The foreclosing party is required to give you the borrower at least 15 days’ notice of this hearing. The court will then appoint an appraiser to go out to the home in question to appraise the property.

You should also notate that there will be some deficiency judgements that will not be permitted. When a deficiency judgement is not permitted it has all the following:

  • The foreclosing party is a financial institution
  • The loan was a purchase-money loan and it was never refinanced
  • The property was a single-family home
  • The property is the borrower’s principal residence once they obtained the loan
  • The borrowers have continuously occupied the property as their principal residence, and the loan was obtained on or after October 1, 2009. (Nev. Rev. Stat. § 40.455).

Can the Banks of HELOCS, Junior Liens, and Second Mortgages Also Come After You?

Typically speaking when your senior lien holder forecloses on you, any of the junior liens will also be foreclosed as well. These junior liens will end up losing its security interest in the real estate property.

So, if the junior lienholder has been managed in such a way, that lienholder has every right to come and sue you on the grounds of the promissory note.

So, in short, if the equity in your home will not cover your second or third mortgage, you can potentially be facing lawsuits directly from those banks to collect the remaining balance from those loans.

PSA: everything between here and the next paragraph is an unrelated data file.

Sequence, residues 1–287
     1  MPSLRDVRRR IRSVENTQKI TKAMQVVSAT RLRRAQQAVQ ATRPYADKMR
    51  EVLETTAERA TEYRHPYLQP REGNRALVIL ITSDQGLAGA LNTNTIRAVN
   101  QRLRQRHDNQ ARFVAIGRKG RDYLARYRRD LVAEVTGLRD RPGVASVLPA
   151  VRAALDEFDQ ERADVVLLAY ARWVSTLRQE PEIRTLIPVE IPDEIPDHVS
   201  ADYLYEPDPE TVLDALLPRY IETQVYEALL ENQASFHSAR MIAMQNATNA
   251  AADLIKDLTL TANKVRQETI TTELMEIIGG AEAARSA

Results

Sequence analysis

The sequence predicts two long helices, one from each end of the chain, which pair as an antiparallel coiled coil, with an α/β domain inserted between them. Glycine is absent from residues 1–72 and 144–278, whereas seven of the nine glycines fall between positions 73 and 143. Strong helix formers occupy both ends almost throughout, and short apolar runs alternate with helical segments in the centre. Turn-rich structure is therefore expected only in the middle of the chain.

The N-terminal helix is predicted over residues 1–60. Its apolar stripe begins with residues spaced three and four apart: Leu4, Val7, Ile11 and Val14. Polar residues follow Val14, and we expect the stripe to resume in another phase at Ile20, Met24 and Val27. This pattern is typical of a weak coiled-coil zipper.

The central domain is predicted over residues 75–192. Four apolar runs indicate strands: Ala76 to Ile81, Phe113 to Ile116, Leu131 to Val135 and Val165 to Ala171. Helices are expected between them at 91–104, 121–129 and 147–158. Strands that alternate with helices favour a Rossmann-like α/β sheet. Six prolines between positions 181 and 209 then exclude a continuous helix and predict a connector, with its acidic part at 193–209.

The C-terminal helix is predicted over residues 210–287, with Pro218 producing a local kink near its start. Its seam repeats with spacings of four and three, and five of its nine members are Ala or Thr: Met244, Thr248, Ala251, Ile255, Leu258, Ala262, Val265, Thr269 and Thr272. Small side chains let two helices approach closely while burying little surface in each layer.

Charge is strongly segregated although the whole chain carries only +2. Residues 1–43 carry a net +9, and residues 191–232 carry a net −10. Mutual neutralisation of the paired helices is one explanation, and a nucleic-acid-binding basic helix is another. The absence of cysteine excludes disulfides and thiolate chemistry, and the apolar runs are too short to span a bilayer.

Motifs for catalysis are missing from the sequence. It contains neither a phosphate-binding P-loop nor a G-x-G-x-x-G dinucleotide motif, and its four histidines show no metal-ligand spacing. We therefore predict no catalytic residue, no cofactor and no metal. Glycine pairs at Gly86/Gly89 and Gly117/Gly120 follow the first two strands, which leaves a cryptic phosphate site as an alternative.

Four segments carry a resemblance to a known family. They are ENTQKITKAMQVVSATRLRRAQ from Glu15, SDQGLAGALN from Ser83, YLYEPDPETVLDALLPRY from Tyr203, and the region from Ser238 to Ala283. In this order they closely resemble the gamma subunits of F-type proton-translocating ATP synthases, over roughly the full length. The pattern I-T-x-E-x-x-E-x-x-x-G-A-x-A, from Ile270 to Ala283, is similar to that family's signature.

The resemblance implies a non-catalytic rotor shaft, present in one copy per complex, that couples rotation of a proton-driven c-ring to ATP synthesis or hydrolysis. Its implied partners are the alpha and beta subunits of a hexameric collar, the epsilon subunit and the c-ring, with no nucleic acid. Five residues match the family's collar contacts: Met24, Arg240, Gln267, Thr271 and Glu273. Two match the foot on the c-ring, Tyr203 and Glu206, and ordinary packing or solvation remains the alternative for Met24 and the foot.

Court Hearing To Establish Fair Market Value

Before awarding a deficiency judgment, the court will hold a hearing to receive evidence from the lender and the borrowers concerning the fair market value of the property as of the date of foreclosure sale. The lender must give the borrower notice of the hearing 15 days prior to the hearing. The court will appoint an appraiser to appraise the property if the lender or borrowers make a request at least 10 days before the hearing date (Nev. Rev. Stat. § 40.457).

The One Action Rule

In some cases, the bank can ignore the lien of the debt on the property and sue in the Court on the mortgage note that the homeowner signed. This is an action on the debt and not a property foreclosure. These actions are never available where the creditor would be barred on any deficiency had the creditor simply foreclosed and even where there is a potential deficiency, these actions may still be barred unless they meet certain criterion. The purposes behind the One Action Rule and the deficiency-judgment statutes are to protect homeowners and prevent the banks from suing the homeowner and receiving a judgment and then foreclosing on the home, in effect double recovery.